Why do we have leap years?

Leap Years


Leap years are calendar years that have one additional day, that is, they have 366 days. This particularity in our calendar is due to the fact that the length of calendar years – the ones that govern our daily life, formed by a integer number of days – is defined by the time it takes the Earth to complete its orbit around the Sun. In this way, a year is completed when the Earth has finished its orbit around the Sun, which takes place every 365 days, 6 hours and 9 minutes. This period of time called sidereal year implies that for every 365 days we have left 6 hours and 9 minutes that we have not included in that year’s calendar, so every four years we have lost a full day (4 years x 6 hours = 24 hours).

To compensate for this discrepancy, Emperor Julius Caesar commissioned the philosopher and astronomer Sosigenes of Alexandria to reform the calendar around 46 BCE. The new Julian calendar required an additional day every four years, specifically 24 February, since at that time February was the last month of the year. Pope Gregory XIII decided to replace the calendar designed by Sosigenes in 1582 by means of a papal bull. One of the modifications of the Gregorian calendar was that, instead of 24 February, the additional day would be 29 February, as it is now. In addition, a system of exceptions in leap years was established to ensure that the discrepancy would not occur again. The system postulated that years that were multiple of 100 would not be considered leap years, unless they were also multiple of 400. For this reason, neither 1800 nor 1900 were leap years, but 2000 was.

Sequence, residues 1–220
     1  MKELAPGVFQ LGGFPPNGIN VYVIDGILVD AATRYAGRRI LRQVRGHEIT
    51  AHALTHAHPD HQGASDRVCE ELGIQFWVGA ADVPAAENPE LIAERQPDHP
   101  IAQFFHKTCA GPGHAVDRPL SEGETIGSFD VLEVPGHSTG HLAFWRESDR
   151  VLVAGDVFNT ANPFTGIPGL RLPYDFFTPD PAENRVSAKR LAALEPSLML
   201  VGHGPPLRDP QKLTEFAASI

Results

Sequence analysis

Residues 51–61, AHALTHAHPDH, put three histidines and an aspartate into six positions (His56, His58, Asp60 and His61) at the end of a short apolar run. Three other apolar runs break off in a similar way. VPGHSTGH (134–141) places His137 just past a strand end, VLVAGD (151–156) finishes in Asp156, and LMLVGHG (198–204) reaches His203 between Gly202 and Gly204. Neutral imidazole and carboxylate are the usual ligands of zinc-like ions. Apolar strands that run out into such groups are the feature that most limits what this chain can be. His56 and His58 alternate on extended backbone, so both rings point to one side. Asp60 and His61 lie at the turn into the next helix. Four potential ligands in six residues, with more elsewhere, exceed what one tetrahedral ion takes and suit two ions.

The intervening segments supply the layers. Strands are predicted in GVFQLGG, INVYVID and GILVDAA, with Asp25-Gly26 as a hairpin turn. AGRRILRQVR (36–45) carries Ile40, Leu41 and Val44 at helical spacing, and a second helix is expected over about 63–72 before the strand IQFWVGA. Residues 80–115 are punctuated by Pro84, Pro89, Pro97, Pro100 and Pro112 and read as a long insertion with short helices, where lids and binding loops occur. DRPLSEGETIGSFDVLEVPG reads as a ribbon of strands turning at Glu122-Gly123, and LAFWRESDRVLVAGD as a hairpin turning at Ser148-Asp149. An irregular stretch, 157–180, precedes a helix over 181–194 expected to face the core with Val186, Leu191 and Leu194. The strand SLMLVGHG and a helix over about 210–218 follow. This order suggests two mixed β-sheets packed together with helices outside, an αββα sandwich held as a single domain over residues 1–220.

Leap years have a clear rationale: if we did not have them, the seasons would fall out of sync. The starting point of the seasons depends on when the Earth passes through certain points in its orbit around the Sun. If we determine that 21 September is the first day of autumn because the Earth passes through a particular point in its orbit and our calendar is out of date, then autumn would begin on a different day every year. Over the years, the northern hemisphere’s Christmas would fall in the middle of summer and vice versa in the southern hemisphere. Astronomers would have to be alert every year to the moment when the Earth passed those specific points in its orbit that determine the seasons, and this would make it very difficult to set fixed hours to serve as a reference for society. Tasks such as compiling the dates of historical or everyday events, such as a birth date, would be quite difficult, and the results would be extremely unreliable.

Amelia Ortiz-Gil has a PhD in astrophysics and is a member of the news service of the Astronomical Observatory of the University of Valencia.

Question submitted by Bruna Devi.

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